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A simple way is using the total expectation formula: $$\mu=E[X]=E[X|a<X<b]P(a<X<b)+E[X|X<a\cup X>b](1-P(a<X<b))$$ The expected value, $E[X|a<X<b]$, is given in your post. And, the probability $P(a<X<b)$ can be written in terms of the standard normal CDF quite easily (which is $Z$).


3

As is often the case, precisely formulating the question helped me work out the answer. My approach makes use of the marginal expectation of the bivariate normal: $$E_X(y) = E(X|Y=y) = \mu_x + \rho\frac{\sigma_x}{\sigma_y}(y-\mu_y)$$ Returning to my notation from the question above, this gives us: $$\begin{split}E(X_1Y_2) & = \int_{-\infty}^\infty \...


2

Suppose you have $n = 100$ observations taken at random from a normal population with unknown $\mu$ and $\sigma.$ You want to get a 95% confidence interval (CI) for $\mu:$ You know that $T = \frac{\bar X - \mu}{S/\sqrt{100}}$ has $P(-1.984 \le T \le 1.984) = 0.95).$ qt(.975, 99) [1] 1.984217 In the continued equation below, the event in parentheses is ...


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Yes that’s the correct expression for a normal density You in effect computed $\frac16 \int_{-3}^3 p(x) dx\approx \frac16$ for the mean. You should have computed $\int p(x) x dx$ which you may do numerically by np.dot(x, y) / y.sum() The quantity z = (y -np.mean(y))/np.std(y) has mean 0 and variance 1 by definition. Just try to compute it. But the fact ...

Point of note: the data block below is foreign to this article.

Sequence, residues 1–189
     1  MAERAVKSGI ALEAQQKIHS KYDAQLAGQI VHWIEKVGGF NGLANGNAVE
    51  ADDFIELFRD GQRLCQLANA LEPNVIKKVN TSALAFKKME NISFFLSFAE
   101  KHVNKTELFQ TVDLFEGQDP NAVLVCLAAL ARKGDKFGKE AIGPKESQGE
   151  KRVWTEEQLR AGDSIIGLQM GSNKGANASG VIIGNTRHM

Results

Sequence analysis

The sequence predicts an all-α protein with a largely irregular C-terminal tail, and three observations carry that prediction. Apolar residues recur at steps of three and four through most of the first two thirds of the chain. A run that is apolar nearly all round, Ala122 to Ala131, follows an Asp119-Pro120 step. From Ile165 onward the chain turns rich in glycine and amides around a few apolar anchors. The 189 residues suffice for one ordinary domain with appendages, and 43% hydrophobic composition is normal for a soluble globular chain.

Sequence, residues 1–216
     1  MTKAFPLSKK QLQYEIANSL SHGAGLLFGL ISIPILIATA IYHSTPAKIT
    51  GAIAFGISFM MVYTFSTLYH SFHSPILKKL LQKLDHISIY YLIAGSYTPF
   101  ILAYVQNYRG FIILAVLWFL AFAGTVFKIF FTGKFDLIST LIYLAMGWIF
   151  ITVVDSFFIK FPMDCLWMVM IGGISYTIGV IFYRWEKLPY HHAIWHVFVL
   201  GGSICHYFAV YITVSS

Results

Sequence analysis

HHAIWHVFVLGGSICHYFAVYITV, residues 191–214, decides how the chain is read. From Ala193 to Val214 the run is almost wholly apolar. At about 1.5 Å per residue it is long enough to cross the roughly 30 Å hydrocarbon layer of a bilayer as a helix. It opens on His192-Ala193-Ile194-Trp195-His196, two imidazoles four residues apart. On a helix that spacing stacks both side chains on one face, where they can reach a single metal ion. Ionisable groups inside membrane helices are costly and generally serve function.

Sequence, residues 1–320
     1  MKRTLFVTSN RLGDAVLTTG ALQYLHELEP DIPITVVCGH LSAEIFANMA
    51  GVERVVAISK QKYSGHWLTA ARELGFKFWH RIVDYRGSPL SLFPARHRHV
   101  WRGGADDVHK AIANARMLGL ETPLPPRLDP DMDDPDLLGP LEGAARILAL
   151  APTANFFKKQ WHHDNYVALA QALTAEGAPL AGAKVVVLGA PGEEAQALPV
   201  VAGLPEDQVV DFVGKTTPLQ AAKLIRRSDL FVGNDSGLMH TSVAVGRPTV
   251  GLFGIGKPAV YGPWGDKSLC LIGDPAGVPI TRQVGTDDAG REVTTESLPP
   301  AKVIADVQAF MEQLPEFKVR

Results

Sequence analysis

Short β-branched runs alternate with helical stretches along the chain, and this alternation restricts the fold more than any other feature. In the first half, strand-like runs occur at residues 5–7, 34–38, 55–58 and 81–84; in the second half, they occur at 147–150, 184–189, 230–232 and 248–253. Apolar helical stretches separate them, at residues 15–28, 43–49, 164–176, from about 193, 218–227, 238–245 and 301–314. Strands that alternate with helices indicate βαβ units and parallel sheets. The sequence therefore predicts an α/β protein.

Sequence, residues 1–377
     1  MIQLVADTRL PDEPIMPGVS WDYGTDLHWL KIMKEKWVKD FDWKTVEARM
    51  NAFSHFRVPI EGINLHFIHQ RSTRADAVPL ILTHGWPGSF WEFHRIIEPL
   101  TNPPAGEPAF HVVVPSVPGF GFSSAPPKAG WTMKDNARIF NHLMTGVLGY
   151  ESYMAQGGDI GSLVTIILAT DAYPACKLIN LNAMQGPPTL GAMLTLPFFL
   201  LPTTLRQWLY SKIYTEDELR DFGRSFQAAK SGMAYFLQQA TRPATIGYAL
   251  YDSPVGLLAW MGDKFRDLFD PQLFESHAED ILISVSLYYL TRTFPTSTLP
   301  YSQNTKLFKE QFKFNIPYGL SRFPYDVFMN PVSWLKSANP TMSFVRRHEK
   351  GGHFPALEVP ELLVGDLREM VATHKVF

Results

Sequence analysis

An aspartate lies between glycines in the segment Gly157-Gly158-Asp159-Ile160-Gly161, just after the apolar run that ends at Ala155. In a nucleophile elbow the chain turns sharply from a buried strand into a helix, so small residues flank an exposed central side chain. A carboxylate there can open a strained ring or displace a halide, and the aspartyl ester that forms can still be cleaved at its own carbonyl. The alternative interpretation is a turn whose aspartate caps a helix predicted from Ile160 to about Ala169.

1

The formula for the normal distribution PDF is correct. But, np.mean(y) takes the mean of the PDF's y-axis values. From the plot, you can see that these values are all non-negative (as it should be because these are PDF values) and between 0 and $0.4$. Same logic applies to deviation. For example: let a RV be either $5$ or $6$ with probabilities $1/2$. If ...


1

Many of the parametric techniques in statistics assumes that the data you have is normally distributed. Since normality is an assumption then, we need to know whether the data is normal so that the assumption holds. This is where the central limit theorem come in as well. By looking at a histogram, one can often say whether the data is approximately ...


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This code doesn't generate random observations. For each $x\in\{-10,-9,...,10,11\}$, it calculates the following probability: $$P(x-0.5\leq X\leq x+0.5)=F_X(x+0.5)-F_X(x-0.5)$$


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If the KL-divergence between the posterior $p(z|x)$ and the prior $p(z)$ is close to 0, then $z$ is almost independent of the data point $x$. Since $x$ depends minimally on $z$, changes in $z$ lead to small changes in $x$.


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Let $X$ be lognormally distributed. Denote $\mu$ and $\sigma$ as the mean and standard deviation of $\log(X)$. The mean and standard deviation of $X$ are given by: \begin{align} \mathrm{E}(X)&=e^{\mu + \frac{1}{2}\sigma^{2}} \\ \mathrm{SD}(X) &= e^{\mu + \frac{1}{2}\sigma^{2}}\sqrt{e^{\sigma^{2}}-1} \end{align} In your case, that means: \begin{align}...


1

I think you are doing it right... "I am not sure how to express the covariance matrix": but you specify variance to be 1, right? This is what you want? You just need to draw each time conditionally on drawing $X's$ in the right order: first draw first 10 $X's$, then the other five conditional on first five $X's$, and lastly draw $Y's$ condtional on 1, 5, 7,...


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